Jolly closes her analysis with a deeper examination of the mythology surrounding Cárdenas himself, and how it is embedded in the Mexican state and portrayed in Pátzcuaro, where he resided after retiring from politics. Here she points out how the tendency to focus on Cárdenas as a heroic figure embodying the ideals of the revolution and the will of the people, while downplaying the role of the many people he enrolled to assist him, often translates into messianic portrayals. Such depictions have helped feed the myth of the enlightened leader repeatedly invoked by Cardenás’s successors to legitimize their own policies and actions (which, often enough, have been diametrically opposed to any sort of popular will). Cárdenas’s reputation for traveling throughout the Mexican countryside also became a key part of his legend, reinforcing the idea that tourists who follow Cárdenas’s example can eventually come to see Mexico through his eyes. Here, Jolly emphasizes the extent to which this process occurs beyond the state’s immediate control, such that the dissemination of particular subjectivities through tourism, art, and the other mechanisms is partial and selective, and the outcome is therefore not necessarily or entirely consistent with ruling-class intentions. The ways in which peasant and indigenous identities have been invoked in various resistance movements in Mexico attest to this last point.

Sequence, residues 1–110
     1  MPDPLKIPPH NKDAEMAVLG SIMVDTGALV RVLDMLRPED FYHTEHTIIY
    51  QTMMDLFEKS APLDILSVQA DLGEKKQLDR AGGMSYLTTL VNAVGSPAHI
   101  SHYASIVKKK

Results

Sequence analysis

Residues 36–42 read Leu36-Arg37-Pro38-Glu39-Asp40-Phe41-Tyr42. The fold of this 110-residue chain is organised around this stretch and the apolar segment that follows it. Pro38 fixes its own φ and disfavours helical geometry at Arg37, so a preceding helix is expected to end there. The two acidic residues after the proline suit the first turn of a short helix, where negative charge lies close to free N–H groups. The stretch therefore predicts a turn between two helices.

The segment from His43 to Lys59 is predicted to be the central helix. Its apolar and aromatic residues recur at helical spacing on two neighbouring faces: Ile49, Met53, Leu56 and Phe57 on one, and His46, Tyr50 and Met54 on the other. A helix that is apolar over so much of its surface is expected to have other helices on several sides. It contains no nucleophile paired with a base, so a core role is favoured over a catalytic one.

In counterposing the subjectivity of the tourist to the role of indigeneity, Jolly also draws out an important connection between the ideology of mestizaje, the spatialization of race, and the territoriality of the Mexican state. She argues that the colonial view of the native as essentially connected to the land—at times even considered part of the landscape—complemented the territorial aspirations of the Mexican state and its ruling class by suggesting that the mixing of indigenous and Spanish ancestry effectively grounded Mexican identity within the national territory, thereby distinguishing Mexican identity from a mere extension of European culture and providing a unifying narrative for a highly fragmented society. She also proposes that this is why African culture was largely excluded from the national identity: as a culture also violently imported by European colonists, it was not deemed useful to the nation-building project. Noting contemporary efforts to recover African culture as the forgotten third pillar of Mexican identity, Jolly briefly points to some aspects of Pátzcuaro that could potentially identify remnants of African influences that were not entirely erased.